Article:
This brings to light another point of interest in this chapter. It seems that in the exercise of his priesthood, Eleazar was associated in the work of the Kohathites when the tabernacle was in transit, while Ithamar was associated with both Gershon and Marari. Kohath had the honour of carrying the holy vessels which speak of the personal, moral and official glories of our Lord Jesus Christ. To Gershon fell the lot of carrying the curtains, the tabernacle, and the tent, which composed the house in which these vessels—which speak of Christ—stood in their respective places before God. Then to Marari fell the lot of carrying the boards of the tabernacle and the pillars of the court, that which gave support to the curtains of the tabernacle and the hangings of the court. This speaks of what is practical, for the boards and the bars, the pillars, the pegs and the cords, were calculated to give stability to the tabernacle and the court hangings. For us this would indicate the maintenance of practical righteousness towards the world. In carrying all these vessels and materials, Kohath came under the hand of Eleazar, and Gershon and Marari under the hand of Ithamar.
Now this association of Levitical and priestly service is clearly outlined for us in Numbers 8. There we read that the Levites were given (“gifted” according to Young’s Concordance), to Aaron and to his sons to do the service of the tabernacle. Does this not indicate that all true Levitical service has in view the supporting of priestly service in the presence of God? This is the real end in view of all true ministry, that worship to our God and Father and our Lord Jesus Christ may be the result obtained.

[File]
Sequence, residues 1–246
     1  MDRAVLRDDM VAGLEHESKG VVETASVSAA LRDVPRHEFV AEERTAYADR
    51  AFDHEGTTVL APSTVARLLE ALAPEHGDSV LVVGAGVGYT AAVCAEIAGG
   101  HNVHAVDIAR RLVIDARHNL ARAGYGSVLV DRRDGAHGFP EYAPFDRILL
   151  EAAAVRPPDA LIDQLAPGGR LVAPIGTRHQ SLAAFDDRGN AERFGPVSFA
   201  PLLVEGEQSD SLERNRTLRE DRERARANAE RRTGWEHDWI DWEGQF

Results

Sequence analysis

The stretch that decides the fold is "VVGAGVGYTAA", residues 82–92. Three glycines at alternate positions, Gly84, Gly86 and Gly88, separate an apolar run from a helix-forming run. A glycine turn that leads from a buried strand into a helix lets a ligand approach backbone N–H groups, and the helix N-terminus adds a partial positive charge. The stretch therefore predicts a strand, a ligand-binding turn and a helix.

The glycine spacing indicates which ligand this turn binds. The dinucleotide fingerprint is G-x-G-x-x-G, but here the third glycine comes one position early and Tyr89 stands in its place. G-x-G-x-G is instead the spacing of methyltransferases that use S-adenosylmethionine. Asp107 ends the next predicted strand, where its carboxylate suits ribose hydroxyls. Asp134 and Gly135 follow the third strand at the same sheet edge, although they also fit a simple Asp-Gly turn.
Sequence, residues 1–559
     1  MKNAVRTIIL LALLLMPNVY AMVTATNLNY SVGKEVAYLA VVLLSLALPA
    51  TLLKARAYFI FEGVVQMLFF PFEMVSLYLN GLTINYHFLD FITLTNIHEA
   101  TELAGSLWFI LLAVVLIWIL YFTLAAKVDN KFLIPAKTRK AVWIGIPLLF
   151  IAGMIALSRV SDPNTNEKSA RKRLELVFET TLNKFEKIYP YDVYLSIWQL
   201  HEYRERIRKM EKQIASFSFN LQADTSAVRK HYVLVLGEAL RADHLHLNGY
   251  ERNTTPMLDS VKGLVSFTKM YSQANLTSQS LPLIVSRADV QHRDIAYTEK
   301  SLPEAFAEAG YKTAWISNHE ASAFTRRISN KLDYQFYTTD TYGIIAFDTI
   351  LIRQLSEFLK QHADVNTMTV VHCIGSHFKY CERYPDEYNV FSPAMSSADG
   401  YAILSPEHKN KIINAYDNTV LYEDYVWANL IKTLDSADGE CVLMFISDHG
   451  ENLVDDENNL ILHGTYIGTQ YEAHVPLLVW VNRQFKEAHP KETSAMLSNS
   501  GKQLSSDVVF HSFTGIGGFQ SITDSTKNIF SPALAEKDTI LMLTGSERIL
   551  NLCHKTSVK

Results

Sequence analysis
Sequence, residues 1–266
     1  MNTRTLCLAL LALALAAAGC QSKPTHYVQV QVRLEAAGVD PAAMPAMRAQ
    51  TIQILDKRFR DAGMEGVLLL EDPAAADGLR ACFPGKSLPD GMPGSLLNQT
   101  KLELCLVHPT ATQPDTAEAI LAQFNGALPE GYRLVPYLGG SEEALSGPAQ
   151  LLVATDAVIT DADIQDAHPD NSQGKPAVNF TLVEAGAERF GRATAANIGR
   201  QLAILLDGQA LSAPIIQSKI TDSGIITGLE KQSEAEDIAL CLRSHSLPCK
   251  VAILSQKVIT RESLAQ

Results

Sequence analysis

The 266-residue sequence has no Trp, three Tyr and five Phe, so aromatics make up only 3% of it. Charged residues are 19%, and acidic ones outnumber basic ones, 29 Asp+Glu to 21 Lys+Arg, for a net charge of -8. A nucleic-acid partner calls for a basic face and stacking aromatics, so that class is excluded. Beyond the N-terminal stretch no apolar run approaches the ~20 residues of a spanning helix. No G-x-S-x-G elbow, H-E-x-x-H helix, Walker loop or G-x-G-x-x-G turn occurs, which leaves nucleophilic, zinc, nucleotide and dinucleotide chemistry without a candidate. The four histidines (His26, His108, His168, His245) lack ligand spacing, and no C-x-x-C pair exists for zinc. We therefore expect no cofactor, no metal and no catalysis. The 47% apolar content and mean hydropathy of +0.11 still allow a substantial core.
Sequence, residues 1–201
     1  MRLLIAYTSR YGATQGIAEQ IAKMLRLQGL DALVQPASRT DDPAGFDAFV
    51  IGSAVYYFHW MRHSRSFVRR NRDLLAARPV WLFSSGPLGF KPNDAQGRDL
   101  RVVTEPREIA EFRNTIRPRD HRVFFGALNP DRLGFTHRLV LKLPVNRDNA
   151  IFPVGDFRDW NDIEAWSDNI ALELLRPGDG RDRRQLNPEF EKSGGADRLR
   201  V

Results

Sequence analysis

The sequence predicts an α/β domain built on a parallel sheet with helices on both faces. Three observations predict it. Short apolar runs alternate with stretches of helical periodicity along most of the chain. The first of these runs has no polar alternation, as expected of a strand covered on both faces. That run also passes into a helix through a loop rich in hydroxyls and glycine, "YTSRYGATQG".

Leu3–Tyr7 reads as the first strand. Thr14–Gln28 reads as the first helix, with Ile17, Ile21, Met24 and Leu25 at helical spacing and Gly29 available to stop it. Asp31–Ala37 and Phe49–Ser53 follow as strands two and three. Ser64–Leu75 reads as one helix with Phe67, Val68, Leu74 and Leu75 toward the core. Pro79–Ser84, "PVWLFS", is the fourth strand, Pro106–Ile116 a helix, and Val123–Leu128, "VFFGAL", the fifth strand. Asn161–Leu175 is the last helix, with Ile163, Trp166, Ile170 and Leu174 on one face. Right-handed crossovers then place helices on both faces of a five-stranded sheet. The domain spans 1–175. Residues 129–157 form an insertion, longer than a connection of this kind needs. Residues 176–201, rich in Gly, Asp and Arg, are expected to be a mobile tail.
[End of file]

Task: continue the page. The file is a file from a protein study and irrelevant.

Now in attempting to give the New Testament answer to these things, we have thought that the service of Marari suggests what we may call a practical ministry; the service of Gershon a doctrinal ministry; both under the hand of Ithamar. But the service of Kohath under the hand of Eleazar a devotional ministry concerning the greatness and glory of our Lord Jesus Christ. Then all would come under the hand of Aaron as the High Priest upon whose shoulders lay the responsibility to see that all was done according to the mind of God as given through Moses.
If we think then of Aaron as setting forth Christ in the presence of God today, we see in Eleazer and Ithamar his sons, the priesthood of believers who are fitted to be in association with Him and to share, under His control and guidance, in the holy and royal priesthood. So we read in the type, “And take thou unto thee Aaron thy brother, and his sons with him” (Ex. 28:1).
So today we have been called to share in the priestly service of God’s spiritual system. This necessitates true priestly conditions in sanctification; and allied with this, a ministry of all truth to instruct us in the knowledge of God. Answering to the service of Eleazer, we should see that all that is needed in a spiritual way is supplied and maintained. Like Ithamar, who was more concerned with the building, whether being carried or erected, we should see the need of rightly assembling together for the service of God, meeting according to Scripture, so that the service may go on. If then a devotional ministry, a doctrinal ministry and a practical ministry are maintained, right conditions will be produced in which our priestly service will go on for the present pleasure of God. It will lead us into conscious association with our Lord and into holy liberty in the presence of God inside the veil, where we can give to our God the praise and worship of our souls. For this we have the indwelling Spirit, and thus the heavenly system may be in activity today, the grand answer to all these types.
This is but a suggestion as to these typical matters, but may this slight consideration of one of the beautiful types of Scripture lead us into a greater appreciation of our heavenly calling, and the privilege we have today of answering to it for the pleasure of our God and Father.
Scripture Truth 1951, p. 124